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A total lunar eclipse will turn the moon red on Sunday night – The Washington Post

A total lunar eclipse will turn the moon red on Sunday night - The Washington Post

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The first total lunar eclipse of 2022 will soon be colored red by the moon on Sunday night. This weekend’s entire “Flower Moon” will be bathed in rusty bronze light as the Earth’s shadow crosses over it, creating a spectacle that can be seen in much of North America.

Almost everyone in the contiguous United States will enjoy the show, if time permits. For those in California and the Pacific Northwest, only the second half of the eclipse will be visible as the burgundy moon rises. during the sum.

In two years, a full solar eclipse will travel from Texas to Maine

This is the first of two total lunar eclipses to be seen from the United States this year. The next is set for the night of Nov. 7, and will favor parts of northwestern North America that are missing from Sunday night’s show.

What is a total lunar eclipse?

Eclipses of all forms occur when one object blocks another. In the case of a total lunar eclipse, the Earth mediates between the sun and the moon. You can expect that to prevent sunlight from reaching the moon, making it disappear, but that’s not happening. Instead, some sunlight flies around the Earth through our atmosphere and is scattered toward the moon.

For this to happen, the sun, Earth and moon must be in one line. That only happens on the full moon.

Total solar eclipses, on the other hand, occur on new moons, when the moon slides between the Earth and the sun. It turns off sunlight from reaching a narrow corridor of the Earth, which changes day to night. Solar eclipses also allow the appearance of the sun’s white crown, or atmosphere, which is usually overshadowed by blazing sunlight.

Solar and lunar eclipses are paired approximately two weeks apart; the most recent partial solar eclipse, on April 30, is visible from South America.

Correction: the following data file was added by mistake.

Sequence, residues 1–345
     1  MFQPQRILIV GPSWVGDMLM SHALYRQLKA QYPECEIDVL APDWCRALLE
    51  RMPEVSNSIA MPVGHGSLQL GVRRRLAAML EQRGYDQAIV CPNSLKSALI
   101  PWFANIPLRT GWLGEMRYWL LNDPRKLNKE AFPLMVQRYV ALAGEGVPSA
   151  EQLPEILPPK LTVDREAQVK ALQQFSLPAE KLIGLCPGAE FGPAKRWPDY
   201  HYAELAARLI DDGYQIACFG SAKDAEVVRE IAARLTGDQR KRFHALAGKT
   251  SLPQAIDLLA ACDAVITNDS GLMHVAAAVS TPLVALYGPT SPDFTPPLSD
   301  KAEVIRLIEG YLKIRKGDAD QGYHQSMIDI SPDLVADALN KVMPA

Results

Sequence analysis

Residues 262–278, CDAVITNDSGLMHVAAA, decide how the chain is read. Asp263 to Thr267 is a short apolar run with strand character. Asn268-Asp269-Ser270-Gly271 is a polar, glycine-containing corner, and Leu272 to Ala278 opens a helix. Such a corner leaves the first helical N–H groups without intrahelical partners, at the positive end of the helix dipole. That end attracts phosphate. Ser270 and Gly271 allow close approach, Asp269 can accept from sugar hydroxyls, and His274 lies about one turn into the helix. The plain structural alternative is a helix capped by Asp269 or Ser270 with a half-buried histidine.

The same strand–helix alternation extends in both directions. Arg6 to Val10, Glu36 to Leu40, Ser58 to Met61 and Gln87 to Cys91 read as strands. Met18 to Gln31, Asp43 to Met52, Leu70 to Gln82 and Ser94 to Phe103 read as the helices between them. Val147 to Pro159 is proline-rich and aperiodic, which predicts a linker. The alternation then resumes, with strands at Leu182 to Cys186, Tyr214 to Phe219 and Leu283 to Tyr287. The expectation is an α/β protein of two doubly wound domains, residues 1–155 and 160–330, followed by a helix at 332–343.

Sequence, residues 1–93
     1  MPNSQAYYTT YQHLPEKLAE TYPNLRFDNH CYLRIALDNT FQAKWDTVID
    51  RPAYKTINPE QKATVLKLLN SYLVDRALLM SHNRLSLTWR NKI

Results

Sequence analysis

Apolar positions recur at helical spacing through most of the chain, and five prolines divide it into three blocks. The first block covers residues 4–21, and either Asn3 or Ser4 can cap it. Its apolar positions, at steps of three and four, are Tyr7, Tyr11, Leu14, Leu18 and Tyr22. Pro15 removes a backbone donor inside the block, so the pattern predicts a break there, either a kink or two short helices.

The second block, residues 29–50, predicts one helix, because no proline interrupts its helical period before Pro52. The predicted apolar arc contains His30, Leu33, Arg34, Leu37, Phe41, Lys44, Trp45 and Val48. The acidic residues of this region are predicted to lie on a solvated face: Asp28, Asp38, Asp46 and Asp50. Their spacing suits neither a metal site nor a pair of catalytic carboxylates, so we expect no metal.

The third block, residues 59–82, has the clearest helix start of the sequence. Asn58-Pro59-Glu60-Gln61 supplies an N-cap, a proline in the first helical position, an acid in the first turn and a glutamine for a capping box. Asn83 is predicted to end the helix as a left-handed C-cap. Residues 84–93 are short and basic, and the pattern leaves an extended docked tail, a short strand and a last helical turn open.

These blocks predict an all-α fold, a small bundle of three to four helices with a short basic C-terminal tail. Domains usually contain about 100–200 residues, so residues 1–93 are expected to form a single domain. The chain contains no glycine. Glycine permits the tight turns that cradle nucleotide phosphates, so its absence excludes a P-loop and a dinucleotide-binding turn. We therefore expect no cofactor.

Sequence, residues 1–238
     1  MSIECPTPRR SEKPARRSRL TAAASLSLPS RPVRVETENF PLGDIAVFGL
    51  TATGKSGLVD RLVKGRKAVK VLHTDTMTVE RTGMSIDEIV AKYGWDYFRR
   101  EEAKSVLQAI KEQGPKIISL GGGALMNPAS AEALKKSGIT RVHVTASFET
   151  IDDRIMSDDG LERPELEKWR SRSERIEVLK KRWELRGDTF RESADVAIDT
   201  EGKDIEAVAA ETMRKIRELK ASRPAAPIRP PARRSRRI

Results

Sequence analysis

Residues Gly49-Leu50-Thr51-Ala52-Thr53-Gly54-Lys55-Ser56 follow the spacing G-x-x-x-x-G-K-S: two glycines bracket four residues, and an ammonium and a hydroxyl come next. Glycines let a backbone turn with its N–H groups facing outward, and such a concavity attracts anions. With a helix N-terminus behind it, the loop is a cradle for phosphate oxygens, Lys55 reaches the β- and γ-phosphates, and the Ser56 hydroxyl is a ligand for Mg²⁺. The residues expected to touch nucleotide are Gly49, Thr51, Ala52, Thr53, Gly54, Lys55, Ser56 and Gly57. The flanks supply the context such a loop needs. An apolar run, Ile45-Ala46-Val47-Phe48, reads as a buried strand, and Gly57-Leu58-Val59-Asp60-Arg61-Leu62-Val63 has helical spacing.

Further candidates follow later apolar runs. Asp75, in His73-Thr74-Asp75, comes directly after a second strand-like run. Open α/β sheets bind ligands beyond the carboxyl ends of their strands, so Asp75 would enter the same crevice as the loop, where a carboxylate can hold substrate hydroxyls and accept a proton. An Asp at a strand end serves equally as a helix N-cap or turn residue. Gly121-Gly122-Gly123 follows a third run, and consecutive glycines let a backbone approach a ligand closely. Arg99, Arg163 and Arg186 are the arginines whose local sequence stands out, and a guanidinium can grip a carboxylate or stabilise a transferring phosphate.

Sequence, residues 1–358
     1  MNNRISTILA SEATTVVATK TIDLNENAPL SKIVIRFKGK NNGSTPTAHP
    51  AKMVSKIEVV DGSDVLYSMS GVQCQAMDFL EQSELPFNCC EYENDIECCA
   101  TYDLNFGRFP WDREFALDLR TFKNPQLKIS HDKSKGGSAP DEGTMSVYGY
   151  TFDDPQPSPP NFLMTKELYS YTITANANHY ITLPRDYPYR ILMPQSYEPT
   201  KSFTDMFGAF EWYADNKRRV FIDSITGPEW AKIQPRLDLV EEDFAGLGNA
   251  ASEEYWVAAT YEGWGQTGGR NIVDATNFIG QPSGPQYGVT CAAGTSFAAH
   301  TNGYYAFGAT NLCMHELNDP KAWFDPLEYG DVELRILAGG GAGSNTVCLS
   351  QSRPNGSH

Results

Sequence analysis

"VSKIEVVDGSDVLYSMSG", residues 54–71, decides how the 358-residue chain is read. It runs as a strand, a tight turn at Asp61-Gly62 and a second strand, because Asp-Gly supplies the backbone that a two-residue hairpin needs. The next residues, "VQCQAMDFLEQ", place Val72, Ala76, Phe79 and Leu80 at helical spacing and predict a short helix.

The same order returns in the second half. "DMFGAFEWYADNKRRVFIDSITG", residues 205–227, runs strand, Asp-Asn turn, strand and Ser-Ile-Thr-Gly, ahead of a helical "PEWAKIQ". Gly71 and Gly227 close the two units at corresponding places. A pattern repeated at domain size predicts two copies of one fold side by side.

The total lunar eclipse will begin as an inconspicuous “penumbral” lunar eclipse – a subtle darkening that is almost imperceptible to the untrained observer. That’s when the widest, most scattered portion of the Earth’s shadows will begin to sweep over the moon from the bottom left to the top right.

The partial eclipse phase will continue, when the edge of the umbra, or darkest part of the Earth’s shadow, first contacts the moon. You can see a veil of darkness crossing the moon, its edge is a subtle curve representing the shape of the Earth. The shadow curve will be more subtle than the moon, because the Earth is larger.

When it is completely swallowed up by the shadow, the moon will turn red. That’s because the only light that reaches the moon is the one that flows into the Earth’s atmosphere. Shorter wavelengths/higher frequencies of light are scattered, leaving only the longer wavelengths, colored red, which are able to penetrate the length of the atmosphere at low angles of range. This is the same premise that blushes sunrise and sunset. Therefore, you see the light of simultaneous sunrise and sunset projected on the moon.

The maximum eclipse comes when the moon is most firmly buried within the shadow of the Earth, plunging into nothing but frightening red light. The color of a lunar eclipse actually varies depending on how polluted the environment is; Astronomers rate tonal hues on the Danjon Scale, where zero corresponds to an almost invisible eclipse and four represents a bronze rust. Volcanic eruptions and the presence of aerosols are known to reduce the vitality of lunar eclipses.

All times given are in Eastern time:

Start penumbral eclipse: 9:32:05 pm eastern time

Start partial eclipse: 10:27:52 pm East time

Start total: 11:29:03 pm East time

Maximum eclipse: 12:11:28 of eastern time

End of total: 12:53:55 am eastern time

End partial eclipse: 1:55:07 am eastern time

End penumbral eclipse: 2:50:49 am eastern time

Note: For some on the West Coast, the moon will not rise until the fullness has taken place. Moonrise in San Francisco, for example, is set at 8:06 pm Pacific time, just 23 minutes before the total begins.

How special are total lunar eclipses?

Lunar eclipses are not nearly as special as total solar eclipses. Lunar eclipses can be seen from the entire night side of the Earth, because the moon is visible everywhere. Most places get one or two total lunar eclipses per year.

Total solar eclipses, on the other hand, are seen from a particular location only once every 375 years on average. The path across can be nearly a mile wide, and the experience is surreal. The next to be seen in the United States is on Monday, April 8, 2024.

Cloud patches will spread over the Eastern Seaboard, Intermountain West, Sierra Nevada and Pacific Northwest. The center of the country will see large expanses of clear skies that are desirable for viewing.

A finer prediction will be made in the next few days.

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